It’s more than just setting code standards. Two years ago I wrote a blog inside of my company’s Confluence site pushing for my team to make progress on code quality with our automation code. Our automation code is written in C. There are static analysis tools that embed into our Sonar environment. We simply didn’t get the ball rolling on this one. Second we need to do a better job auditing and reviewing code. Our script engineers need to follow the same habits as our developers. They need to submit changelists with their tickets. They need to justify their code changes in blogs. They need to have their code audited in Crucible reviews. We need to maintain statistics on code quality issues and then enforce code quality improvement initiatives. We can’t neglect our code. It’s a BIG job, but someone has to do it.
Our data set is the “Center of Our Universe”, well at least from my perspective. There are 3 initial things that need to happen. First, is our definitions when we create the model have to correct. We need to define them correctly. We need to verify that they are correct. If it’s too tedious to validate, then it means we have a problem with this instrument. Second, when we generate the model, we need to confirm that everything was generated correctly. We have been asking for validate for years. We have yet to prioritize said validation. It’s clear to me that it’s a big problem. The third and definitely not the final is that as the scaled model is used with other testing instruments. It definitely can get altered because of those instruments. It could get altered by a script, a date issue, a corruption of a backup…you name it. It needs to be re-verified is my point.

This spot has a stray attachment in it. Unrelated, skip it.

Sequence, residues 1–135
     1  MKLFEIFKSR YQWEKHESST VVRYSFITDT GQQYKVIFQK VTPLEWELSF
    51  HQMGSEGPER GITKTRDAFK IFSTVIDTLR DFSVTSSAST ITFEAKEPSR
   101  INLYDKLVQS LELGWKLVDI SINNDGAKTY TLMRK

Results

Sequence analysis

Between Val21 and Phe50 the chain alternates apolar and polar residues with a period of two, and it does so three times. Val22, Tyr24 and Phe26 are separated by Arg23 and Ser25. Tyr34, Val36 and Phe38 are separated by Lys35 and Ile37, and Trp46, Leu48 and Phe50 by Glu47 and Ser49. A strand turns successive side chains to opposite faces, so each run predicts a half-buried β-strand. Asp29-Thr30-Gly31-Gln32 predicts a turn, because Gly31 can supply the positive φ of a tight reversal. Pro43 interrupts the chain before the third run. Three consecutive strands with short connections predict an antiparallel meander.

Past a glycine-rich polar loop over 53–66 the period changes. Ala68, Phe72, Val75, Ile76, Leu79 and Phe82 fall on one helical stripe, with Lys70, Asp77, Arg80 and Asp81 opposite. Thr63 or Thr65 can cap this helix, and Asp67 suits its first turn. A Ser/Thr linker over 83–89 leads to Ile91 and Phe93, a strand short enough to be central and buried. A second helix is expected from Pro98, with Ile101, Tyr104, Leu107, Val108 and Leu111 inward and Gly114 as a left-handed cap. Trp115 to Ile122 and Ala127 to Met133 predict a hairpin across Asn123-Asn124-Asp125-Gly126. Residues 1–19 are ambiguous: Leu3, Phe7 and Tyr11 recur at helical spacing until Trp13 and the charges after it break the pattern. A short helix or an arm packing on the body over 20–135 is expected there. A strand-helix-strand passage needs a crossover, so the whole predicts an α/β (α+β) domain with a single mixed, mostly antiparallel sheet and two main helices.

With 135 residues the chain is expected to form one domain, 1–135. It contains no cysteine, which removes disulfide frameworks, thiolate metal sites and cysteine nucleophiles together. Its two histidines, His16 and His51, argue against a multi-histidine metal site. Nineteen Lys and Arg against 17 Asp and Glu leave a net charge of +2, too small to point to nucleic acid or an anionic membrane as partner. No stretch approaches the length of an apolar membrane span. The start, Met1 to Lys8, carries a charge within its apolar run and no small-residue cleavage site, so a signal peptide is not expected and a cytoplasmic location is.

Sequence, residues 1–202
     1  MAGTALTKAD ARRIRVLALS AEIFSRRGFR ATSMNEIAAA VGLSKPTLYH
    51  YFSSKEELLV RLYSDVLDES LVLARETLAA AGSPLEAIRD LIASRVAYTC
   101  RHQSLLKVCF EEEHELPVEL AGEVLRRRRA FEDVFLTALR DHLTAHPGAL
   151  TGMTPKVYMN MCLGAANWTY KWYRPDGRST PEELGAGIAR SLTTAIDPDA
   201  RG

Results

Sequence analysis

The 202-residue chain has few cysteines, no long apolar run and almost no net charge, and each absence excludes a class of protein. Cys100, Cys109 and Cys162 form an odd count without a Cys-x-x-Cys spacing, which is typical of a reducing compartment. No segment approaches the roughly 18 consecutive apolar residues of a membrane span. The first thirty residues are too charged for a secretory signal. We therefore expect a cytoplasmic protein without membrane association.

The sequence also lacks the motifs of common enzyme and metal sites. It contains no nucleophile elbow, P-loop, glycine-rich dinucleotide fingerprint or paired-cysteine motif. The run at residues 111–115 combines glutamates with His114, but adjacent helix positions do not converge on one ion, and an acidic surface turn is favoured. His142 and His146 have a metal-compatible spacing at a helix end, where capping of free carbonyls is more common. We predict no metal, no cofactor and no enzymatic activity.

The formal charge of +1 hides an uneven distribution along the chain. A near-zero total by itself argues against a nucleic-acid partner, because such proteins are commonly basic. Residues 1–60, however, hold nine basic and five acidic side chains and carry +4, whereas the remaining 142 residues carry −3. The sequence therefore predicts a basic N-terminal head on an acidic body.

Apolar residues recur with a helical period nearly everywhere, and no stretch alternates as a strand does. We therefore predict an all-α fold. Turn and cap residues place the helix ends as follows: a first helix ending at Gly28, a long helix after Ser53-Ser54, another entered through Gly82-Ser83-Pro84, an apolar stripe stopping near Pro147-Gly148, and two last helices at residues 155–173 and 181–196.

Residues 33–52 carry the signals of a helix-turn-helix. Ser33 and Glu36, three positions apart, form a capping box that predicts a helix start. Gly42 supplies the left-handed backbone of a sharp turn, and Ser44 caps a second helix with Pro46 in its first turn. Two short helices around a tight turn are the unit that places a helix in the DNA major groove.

I’ll ask the question out loud. Would the resources we have for delivering and managing these instruments be better served focusing on “Getting to Zero” versus explaining performance anomalies and performing forensic investigations? Could we have other team members support the latter? Could we beef up our automated forensics capabilities to support that need more in the short-term?
Tracking and Measuring: We have the most sophisticated instruments in place, all capable of being tracked, measured and analyzed. Are we even doing that? If not, when will we start? How do we make this habit? How do we gain momentum on this?
Can we do something dramatic? Let’s think out of the box…